Our lives are uncertain as we don’t know what will come next. Everyday the news is filled with natural disasters, political unrest and economic crisis. We see our loved ones suffer through health issues or relationships. Bhaja Govindam keeps reminding us that we don’t know what tomorrow holds. The past is gone - so be present in the moment.
Swamini Supriyananda invites us to reflect on some thought provoking questions and leaves us pondering on whether we are preparing ourselves for that which is certain?
We all get so easily distracted by things that we even know we don't want. When there's something we really want, we talk ourselves into it, and if there's something we don't want, we talk ourselves out of it.
In the text, Bhaja Govindam, Adi Shankaracharya recognizes that we often have that internal converstaion, but shifts us into a deeper practice of repeated action, so we do things that are conducive for us. Not just saying it once, but over and over again. Swamini Supriyananda explains that changing our default mindset requires effort - it's not as easy as a changing our phone settings. She expounds on a very easy tool which then lets us start seeing things for what they are.
Thinking about sex takes up so much energy. With a limited amount of time and resources, we end up allowing it to consume our thoughts and giving it more importance than it deserves.
It's definitely necessary for so many reasons, but Swamini Supriyananda helps us understand its place so we live a more balanced life.
Greed is something we all fear accepting. With money, we always want more and nothing ever seems enough.
Ambition and greed have a fine line differentiating them. Swamini Supriyananda elaborates that Bhaja Govindam is not telling us to not strive for wealth. We just need to be within our means.
With another memorable story, she powerfully explains how money cannot be the end goal, as it is a means to an end. We tend to hold on so tight, forget who's in control and forget what we are really looking for.
So many of our life goals are defined by wealth. Wealth is necessary to keep us within our needs, but often the desire for wealth means we quickly want to upgrade our standard of living. The desire for wealth very quickly turns into greed. Nothing is then enough.
Swamini Supriyananda uplifts us, reminding us to truly value the smallest things we have. Running after something we don't have, is indeed foolish, whilst we can just choose to enjoy what we already do have.
We spend so much of our life preparing, acquiring and accomplishing. We spend so much time learning the sciences of life, the economic markets of different countries, the improvements in technology; yet are any of these going to help us at the most crucial times of our life?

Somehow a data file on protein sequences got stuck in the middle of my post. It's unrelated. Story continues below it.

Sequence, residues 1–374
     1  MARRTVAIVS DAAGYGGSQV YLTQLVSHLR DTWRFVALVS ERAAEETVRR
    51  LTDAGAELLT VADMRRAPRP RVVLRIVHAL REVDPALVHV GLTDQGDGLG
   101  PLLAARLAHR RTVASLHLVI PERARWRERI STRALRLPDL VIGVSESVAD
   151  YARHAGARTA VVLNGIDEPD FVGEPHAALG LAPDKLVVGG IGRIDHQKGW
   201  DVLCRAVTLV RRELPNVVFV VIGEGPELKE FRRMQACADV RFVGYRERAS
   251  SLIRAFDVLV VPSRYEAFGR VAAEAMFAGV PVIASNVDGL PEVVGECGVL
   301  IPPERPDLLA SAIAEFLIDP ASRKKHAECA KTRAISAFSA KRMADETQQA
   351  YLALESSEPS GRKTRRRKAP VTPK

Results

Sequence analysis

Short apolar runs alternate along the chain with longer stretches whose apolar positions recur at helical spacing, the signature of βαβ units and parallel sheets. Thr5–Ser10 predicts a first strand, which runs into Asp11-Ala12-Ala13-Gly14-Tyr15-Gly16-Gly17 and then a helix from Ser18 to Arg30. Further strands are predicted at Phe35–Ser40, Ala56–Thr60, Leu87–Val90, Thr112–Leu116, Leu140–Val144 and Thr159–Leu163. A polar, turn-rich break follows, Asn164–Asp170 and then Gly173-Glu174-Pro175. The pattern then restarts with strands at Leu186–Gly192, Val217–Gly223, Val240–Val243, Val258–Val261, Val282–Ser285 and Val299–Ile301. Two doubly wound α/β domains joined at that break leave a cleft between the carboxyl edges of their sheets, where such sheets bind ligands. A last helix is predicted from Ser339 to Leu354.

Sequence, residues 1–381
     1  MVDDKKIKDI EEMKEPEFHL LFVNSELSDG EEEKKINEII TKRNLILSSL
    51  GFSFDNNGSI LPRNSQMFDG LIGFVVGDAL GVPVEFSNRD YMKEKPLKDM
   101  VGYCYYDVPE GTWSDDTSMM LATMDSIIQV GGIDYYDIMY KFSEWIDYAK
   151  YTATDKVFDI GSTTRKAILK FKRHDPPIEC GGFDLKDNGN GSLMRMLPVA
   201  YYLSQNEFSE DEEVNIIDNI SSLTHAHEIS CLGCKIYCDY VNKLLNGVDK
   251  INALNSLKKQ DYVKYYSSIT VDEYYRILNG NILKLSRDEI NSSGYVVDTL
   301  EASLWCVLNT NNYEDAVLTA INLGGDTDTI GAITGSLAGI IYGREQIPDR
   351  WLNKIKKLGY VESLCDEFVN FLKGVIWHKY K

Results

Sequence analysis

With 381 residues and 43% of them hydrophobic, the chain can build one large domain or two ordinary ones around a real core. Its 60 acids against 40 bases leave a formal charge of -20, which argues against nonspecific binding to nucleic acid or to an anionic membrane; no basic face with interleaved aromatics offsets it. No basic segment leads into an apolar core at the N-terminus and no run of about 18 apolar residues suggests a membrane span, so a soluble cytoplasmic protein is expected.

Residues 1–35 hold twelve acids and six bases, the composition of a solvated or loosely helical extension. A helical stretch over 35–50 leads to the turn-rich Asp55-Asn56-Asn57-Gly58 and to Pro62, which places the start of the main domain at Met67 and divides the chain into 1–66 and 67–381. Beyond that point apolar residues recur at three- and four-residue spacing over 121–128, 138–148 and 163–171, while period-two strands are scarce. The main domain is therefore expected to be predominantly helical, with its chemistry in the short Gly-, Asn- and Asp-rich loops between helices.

Whilst analysis of markets, improvement in medicine and technology make our life more efficient and thus improve the 'standard of living'. What will help us improve our 'standard of life'? What will help us deal with our past regrets or our biggest worries of the future?
Swamini Supriyananda helps us understand how spiritual knowledge enables us to tackle issues wisely on a daily basis and also at the time of death.
Wouldn't it be so beautiful if we see God in everything? Easier said than done. If we like something, we can see God in them. If we have to see God in things we don't like, or hate ; our minds translate dislike into un-divine. If we can change our minds or forgive those people who we hate, then in that person we can see hints of goodness.
As we reduce our impurities, we will see that Self in all people. Swamini Supriyananda expounds on how this feeling of one-ness can only bring about love and nothing else.
Unknowingly we have actually made the goal of our life sorrow. Our desires normally stem from objects that will not give us eternal happiness. We know it can't be eternal because if it has a beginning, and so it has to have an end. That end is the birth of sorrow.
Swamini Supriyananda explains this thoroughly, through a beautiful humorous story. To connect with joy, we have to disconnect with sorrow, and disconnect with our attachment.
Moderation is key - we hear this everywhere. Little do many people know that an imbalance in any aspect of our life is the real reason for why we are in pain. Anything too much or too little can be harmful for us at both an emotional and physical level. Swamini Supiryananda logically unravels this secret of moderation and leads us to understand how balance is joy.